Senior vets Muhammad-Ali Abdur-Rahkman and Duncan Robinson will man the other two wing spots. Aside from owning his own law firm with NFL running back BenJarvus Green-Ellis, Abdur-Rahkman enjoys the distinction of being the Wolverines’ most important perimeter defender, but it was his offense that really took a step forward last season. Abdur-Rahkman has increased his scoring, rebounding, assists, and field goal percentage across every area of the floor in each of his past three years. His smart shot selection has led to his improved efficiency, and we should expect to see another jump in his counting numbers as he assumes a larger offensive role without Zak Irvin.
Duncan Robinson is on the floor for one reason: shooting the long ball. Robinson connected on 42.4% of his total three-point attempts last season (he’s a career 44% three-point shooter) and a scorching 51.8% from the corners. His playing time saw a dramatic decrease last year with the emergence of D.J. Wilson and Beilein’s apparent realization that Robinson really isn’t the strongest defender. Robinson should see his minutes creep back up this season with Michigan’s relative lack of 4-man depth.
By far the most important returning Wolverine is Mo Wagner, Beilein’s German center who withdrew his name from the NBA Draft this offseason much to the relief of the Big Blue faithful. Wagner is the type of player that you hate with a bitter passion if you’re on the opposing team – he was easily one of the scrappiest, hard-working forwards I watched last season. His most memorable performance last year was against Louisville in the Round of 32 where he scorched the Cardinal big men with an array of post spins on his way to notching 26 points on 13 shot attempts. Wagner is so valuable because the impact he has on every facet of the game; he shot an impressive slash of .661/.395/.726 while leading the Wolverines in steals on the other end.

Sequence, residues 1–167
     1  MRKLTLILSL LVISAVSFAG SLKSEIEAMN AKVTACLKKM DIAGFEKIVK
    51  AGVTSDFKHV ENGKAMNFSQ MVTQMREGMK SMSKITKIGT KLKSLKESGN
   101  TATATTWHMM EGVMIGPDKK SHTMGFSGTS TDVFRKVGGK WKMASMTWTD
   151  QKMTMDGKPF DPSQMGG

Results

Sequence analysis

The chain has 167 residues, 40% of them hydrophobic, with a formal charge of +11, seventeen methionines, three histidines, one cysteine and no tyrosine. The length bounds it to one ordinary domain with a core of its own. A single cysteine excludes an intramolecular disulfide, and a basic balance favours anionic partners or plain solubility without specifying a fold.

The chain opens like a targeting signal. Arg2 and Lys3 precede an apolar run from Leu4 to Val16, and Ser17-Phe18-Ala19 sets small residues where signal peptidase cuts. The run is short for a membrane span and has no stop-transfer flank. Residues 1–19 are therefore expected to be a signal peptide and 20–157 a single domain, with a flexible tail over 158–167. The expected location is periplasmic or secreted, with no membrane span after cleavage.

Wagner should be the focal point of the Wolverine attack this year, and will get plenty of isolation / post opportunities through one of Michigan’s favorite sets on offense:
Michigan overloads one side of the floor while Wagner sets a down screen for the opposite wing:
The ball is reversed leaving Wagner all alone on side of the floor to wreak havoc on his ill-prepared defender:
As usual, Beilein again has a strong crop of recruits coming in highlighted by ESPN Top-100 freshmen Jordan Poole and Isaiah Livers. Poole comes out of the infamous high school powerhouse, La Lumiere, and might be the best shooter in the class of 2017. He’ll provide shooting off the pine, which could be sorely needed in the backcourt. Livers, Michigan’s 2017 Mr. Basketball, is a versatile power forward that could challenge Robinson for a starting spot later in the year.
Xavier Simpson and Ibi Watson, two seldom-used sophomores, will take bigger roles off the bench this year as well. Both have tons defensive potential on the wing.
Bottom Line: Michigan lost most of their core from last season, but Beilein has brought in adequate reinforcements to be competitive once again this year. If Simmons can give about 80-90% of what Walton gave, if Matthews lives up to his recruiting pedigree, and if Wagner continues his exponential trajectory into a first round NBA prospect, the Wolverines will compete for a top three conference finish and should find themselves firmly in the Big Dance come March.